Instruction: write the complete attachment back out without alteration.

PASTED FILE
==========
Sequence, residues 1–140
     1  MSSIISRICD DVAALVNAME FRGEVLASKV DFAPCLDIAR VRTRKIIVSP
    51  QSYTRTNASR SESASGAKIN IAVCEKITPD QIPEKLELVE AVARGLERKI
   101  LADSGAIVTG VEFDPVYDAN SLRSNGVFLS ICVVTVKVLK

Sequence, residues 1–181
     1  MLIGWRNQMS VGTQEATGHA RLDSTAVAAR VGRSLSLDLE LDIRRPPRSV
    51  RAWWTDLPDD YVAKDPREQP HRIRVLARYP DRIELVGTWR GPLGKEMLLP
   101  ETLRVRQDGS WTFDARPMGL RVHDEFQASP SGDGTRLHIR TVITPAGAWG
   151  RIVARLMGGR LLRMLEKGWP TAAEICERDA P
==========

Sequence, residues 1–140
     1  MSSIISRICD DVAALVNAME FRGEVLASKV DFAPCLDIAR VRTRKIIVSP
    51  QSYTRTNASR SESASGAKIN IAVCEKITPD QIPEKLELVE AVARGLERKI
   101  LADSGAIVTG VEFDPVYDAN SLRSNGVFLS ICVVTVKVLK

Sequence, residues 1–181
     1  MLIGWRNQMS VGTQEATGHA RLDSTAVAAR VGRSLSLDLE LDIRRPPRSV
    51  RAWWTDLPDD YVAKDPREQP HRIRVLARYP DRIELVGTWR GPLGKEMLLP
   101  ETLRVRQDGS WTFDARPMGL RVHDEFQASP SGDGTRLHIR TVITPAGAWG
   151  RIVARLMGGR LLRMLEKGWP TAAEICERDA P